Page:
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The Jetsons: Invasion of the Planet Pirates

The Jetsons: Invasion of the Planet Pirates is a 1994 platform video game for the Super Nintendo Entertainment System, based on the animated sitcom The Jetsons.

The Jetsons:
Invasion of the Planet Pirates
The Jetsons: Invasion of the Planet Pirates
North American cover art
Developer(s)Sting Entertainment
Composer(s)Hideki Takahagi[2]
Mitsuhito Tanaka[2][3]
Platform(s)Super NES[1]
Genre(s)Platform game[1]



A boss fight from The Jetsons: Invasion of the Planet Pirates
The same fight, from Yōkai Buster Ruka no Daibōken

Captain Zoom informs George while was traveling to work that Zora, the leader of the space pirates, is planning on looting the solar system of all of its resources. George has to go through nine stages of intergalactic action in order to stop the pirates using a special device known as a Pneumo Osmatic Precipitator (P.O.P.). This device allows George to hold on to things and breathe underwater as well.

There are various boss fights with machinery. With a high enough score, the player goes into a bonus stage where items must be collected before time runs out. Players must also travel through tubes to get from one part of the level to another. A speed chase level is also included in one of the levels of the game.


The Jetsons: Invasion of the Planet Pirates was originally released in North America by Taito Corporation. Sting Entertainment developed it, with Hideki Takahagi as the main music composer for the Jetsons game, using Mitsuhito Tanaka's primary sound driver for Sting. This game was considered the very last one that used Mitsuhito Tanaka's primary sound driver for Sting until they were ordered by Square Co. Ltd to get rid of the sound driver and create a brand new one for Treasure Hunter G.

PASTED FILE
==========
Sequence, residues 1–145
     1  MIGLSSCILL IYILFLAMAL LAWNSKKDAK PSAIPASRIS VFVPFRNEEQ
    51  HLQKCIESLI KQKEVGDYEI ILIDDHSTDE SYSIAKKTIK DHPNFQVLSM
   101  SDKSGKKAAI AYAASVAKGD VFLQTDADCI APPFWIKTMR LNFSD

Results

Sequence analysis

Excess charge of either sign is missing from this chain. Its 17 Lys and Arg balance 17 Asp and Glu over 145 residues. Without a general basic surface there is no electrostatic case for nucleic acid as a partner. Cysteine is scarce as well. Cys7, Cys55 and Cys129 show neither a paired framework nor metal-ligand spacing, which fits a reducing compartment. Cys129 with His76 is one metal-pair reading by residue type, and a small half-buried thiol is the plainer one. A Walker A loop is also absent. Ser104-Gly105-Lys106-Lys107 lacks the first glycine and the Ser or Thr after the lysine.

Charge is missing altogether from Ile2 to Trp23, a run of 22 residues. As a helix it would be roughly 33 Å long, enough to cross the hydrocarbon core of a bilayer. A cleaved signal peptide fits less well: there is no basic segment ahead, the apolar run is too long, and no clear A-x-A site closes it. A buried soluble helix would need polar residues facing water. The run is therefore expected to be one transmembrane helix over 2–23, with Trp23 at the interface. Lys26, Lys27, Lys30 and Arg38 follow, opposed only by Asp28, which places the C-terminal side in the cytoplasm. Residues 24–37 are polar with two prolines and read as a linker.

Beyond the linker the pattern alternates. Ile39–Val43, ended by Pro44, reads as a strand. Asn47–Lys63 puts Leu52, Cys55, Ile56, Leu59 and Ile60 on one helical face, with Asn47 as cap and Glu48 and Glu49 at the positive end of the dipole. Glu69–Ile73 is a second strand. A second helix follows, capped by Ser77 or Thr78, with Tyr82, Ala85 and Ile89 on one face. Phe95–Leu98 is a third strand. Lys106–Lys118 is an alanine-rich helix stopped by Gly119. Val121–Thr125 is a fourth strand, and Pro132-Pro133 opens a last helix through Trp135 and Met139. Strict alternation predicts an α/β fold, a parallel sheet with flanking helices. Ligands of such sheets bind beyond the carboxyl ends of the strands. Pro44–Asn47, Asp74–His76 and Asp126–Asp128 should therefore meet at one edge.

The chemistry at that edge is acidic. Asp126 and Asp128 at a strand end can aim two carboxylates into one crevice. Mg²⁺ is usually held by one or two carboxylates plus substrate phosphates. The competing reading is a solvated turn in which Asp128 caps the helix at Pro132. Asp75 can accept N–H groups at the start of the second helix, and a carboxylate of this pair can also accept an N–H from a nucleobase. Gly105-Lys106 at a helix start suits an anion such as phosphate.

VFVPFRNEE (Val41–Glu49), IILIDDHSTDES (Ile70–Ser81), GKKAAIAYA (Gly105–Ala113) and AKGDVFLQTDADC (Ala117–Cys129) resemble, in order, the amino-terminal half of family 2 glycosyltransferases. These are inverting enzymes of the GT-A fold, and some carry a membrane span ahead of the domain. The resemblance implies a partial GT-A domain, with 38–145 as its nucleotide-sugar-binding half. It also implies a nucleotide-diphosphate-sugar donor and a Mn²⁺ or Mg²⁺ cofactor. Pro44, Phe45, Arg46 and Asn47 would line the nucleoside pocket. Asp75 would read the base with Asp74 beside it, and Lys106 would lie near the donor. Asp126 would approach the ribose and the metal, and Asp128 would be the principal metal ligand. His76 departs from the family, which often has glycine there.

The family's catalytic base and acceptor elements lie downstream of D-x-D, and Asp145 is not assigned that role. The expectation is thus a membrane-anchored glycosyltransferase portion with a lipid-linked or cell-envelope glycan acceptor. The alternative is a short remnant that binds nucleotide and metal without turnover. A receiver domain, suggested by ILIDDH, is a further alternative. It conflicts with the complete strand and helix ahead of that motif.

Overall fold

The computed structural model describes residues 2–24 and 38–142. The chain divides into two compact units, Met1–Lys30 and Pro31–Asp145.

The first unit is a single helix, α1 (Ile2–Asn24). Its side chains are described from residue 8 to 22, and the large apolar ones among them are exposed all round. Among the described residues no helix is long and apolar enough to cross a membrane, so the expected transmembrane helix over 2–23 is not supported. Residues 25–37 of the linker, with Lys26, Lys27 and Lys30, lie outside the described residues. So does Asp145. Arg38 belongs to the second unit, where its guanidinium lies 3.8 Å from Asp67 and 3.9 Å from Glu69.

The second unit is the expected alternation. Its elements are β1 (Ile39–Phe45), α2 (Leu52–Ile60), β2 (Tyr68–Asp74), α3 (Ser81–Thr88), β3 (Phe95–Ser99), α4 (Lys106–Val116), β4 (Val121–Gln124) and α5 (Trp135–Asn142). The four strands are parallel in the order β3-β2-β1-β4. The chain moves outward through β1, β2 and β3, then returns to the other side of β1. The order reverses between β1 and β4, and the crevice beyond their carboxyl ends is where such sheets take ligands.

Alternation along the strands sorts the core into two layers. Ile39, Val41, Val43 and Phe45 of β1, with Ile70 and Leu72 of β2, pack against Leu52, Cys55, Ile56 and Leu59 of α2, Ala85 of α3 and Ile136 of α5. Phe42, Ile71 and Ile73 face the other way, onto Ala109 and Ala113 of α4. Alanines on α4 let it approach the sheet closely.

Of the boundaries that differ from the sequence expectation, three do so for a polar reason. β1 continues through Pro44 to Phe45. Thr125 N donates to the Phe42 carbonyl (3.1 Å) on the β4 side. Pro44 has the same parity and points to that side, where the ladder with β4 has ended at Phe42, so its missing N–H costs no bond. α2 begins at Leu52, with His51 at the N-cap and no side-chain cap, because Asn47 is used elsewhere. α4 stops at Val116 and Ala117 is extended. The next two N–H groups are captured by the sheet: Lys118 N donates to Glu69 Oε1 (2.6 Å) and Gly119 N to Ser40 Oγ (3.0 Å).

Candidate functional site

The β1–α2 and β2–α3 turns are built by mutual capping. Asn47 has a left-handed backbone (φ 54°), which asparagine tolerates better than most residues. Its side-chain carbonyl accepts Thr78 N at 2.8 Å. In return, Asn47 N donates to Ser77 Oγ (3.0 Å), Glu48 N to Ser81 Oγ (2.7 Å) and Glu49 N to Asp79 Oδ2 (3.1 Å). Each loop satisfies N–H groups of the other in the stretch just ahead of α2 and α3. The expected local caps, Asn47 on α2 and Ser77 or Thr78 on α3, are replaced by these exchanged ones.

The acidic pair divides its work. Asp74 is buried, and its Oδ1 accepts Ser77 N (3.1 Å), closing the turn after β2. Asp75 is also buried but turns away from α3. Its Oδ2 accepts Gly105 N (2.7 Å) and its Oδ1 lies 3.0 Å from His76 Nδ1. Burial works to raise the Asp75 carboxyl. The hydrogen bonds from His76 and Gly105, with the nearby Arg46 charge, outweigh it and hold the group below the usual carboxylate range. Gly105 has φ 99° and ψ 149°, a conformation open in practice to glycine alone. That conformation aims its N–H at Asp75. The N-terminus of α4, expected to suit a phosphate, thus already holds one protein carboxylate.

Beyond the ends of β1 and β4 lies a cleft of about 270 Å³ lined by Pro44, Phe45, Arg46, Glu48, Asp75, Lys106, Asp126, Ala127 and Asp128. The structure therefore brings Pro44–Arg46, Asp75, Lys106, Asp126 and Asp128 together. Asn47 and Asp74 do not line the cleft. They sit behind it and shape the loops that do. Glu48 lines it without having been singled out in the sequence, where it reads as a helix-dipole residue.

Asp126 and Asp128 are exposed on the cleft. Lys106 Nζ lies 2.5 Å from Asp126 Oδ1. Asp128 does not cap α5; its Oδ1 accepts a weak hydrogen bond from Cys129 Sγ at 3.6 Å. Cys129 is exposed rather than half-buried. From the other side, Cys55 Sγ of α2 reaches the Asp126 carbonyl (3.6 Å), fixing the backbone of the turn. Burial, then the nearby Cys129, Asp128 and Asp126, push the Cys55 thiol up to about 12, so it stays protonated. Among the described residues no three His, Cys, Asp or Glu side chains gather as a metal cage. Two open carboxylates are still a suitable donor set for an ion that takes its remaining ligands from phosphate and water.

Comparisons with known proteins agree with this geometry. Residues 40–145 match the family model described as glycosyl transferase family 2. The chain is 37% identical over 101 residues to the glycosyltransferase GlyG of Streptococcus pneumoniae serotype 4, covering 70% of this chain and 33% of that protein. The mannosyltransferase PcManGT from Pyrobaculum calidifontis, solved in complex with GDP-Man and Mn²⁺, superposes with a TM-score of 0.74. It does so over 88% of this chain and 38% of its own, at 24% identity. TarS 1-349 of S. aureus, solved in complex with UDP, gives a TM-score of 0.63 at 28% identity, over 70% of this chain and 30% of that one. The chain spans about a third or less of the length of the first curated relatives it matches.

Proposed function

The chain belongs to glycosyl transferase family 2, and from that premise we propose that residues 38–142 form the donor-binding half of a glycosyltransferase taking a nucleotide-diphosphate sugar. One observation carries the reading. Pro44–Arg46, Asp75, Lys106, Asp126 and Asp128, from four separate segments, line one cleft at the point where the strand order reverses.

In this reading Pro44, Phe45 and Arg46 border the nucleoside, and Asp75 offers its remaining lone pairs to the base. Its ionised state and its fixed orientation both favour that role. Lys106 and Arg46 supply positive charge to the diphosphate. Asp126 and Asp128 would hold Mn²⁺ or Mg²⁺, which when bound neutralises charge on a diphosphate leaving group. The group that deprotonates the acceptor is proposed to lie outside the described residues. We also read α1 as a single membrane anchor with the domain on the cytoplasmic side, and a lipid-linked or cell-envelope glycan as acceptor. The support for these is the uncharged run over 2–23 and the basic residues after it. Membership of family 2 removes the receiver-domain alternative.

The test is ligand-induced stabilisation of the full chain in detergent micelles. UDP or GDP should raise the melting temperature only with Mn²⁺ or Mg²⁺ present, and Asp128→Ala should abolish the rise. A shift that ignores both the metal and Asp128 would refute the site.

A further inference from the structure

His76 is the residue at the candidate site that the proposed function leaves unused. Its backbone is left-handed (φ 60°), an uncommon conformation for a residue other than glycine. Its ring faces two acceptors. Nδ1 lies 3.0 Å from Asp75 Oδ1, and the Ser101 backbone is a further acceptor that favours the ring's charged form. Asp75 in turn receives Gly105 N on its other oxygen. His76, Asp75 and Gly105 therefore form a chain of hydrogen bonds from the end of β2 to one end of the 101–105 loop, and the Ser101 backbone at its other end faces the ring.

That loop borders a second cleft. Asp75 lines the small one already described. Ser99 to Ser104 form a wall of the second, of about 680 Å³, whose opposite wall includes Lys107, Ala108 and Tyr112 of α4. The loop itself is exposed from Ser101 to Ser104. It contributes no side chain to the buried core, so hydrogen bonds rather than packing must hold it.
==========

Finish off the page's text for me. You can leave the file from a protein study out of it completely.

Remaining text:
GamePro gave the game a negative review, summarizing, "if you liked The Jetsons ... then you might be able to wade through this game. Intermediate gamers need not apply much to this one, though. The Jetsons game is basic hop-n-bop, space-style, but it seems like all the other hop-n-boppers out there."[4] Electronic Gaming Monthly rated the game at 6.4/10, praising it as "a faithful cartoon animation, with good graphics and character animations", but criticized the awkwardness of the suction cup attack.[5]

Yōkai Buster: Ruka no DaibōkenEdit

In 1995, Kadokawa Shoten created a new manga called Yōkai Buster Ruka and they wanted Sting to reprogram and edit the Super NES Jetsons game and turn it into a new game called Yōkai Buster: Ruka no Daibōken (妖怪バスター ルカの大冒険, lit. "Phantom Buster: Ruka's Big Adventure")[6][7] with new music (composed by Mitsuhito Tanaka), new enemies and new areas. Both versions have essentially the same engine with a different story and theme. They also have a strict time limit that punishes tardiness with lost lives.

The player takes control of Ruka-chan, an aggressive demon girl who lives in a world filled with harmful monsters. Much of her past is shrouded in mystery and her age is deliberately hidden in context. She lives a long life but has the mentality of a 13-year-old girl. Compared to the futuristic setting of The Jetsons, the Japanese version uses a contemporary setting with Japanese architecture. Extra features were added into the Japanese version including an extra underwater level, a mini-game, and a training mode.[8]

See alsoEdit


  1. ^ a b c d e "Release information #1". GameFAQs. Retrieved 2011-08-08.
  2. ^ a b "Soundtrack Information #1".
  3. ^ Soundtrack Information #2 at
  4. ^ "ProReview: The Jetsons: Invasion of the Planet Pirates". GamePro (59). IDG. June 1994. p. 64.
  5. ^ "Review Crew: The Jetsons". Electronic Gaming Monthly (60). EGM Media, LLC. July 1994. p. 33.
  6. ^ Japanese title at (in Japanese)
  7. ^ Japanese-English translation of title at
  8. ^ Japanese version information at

External linksEdit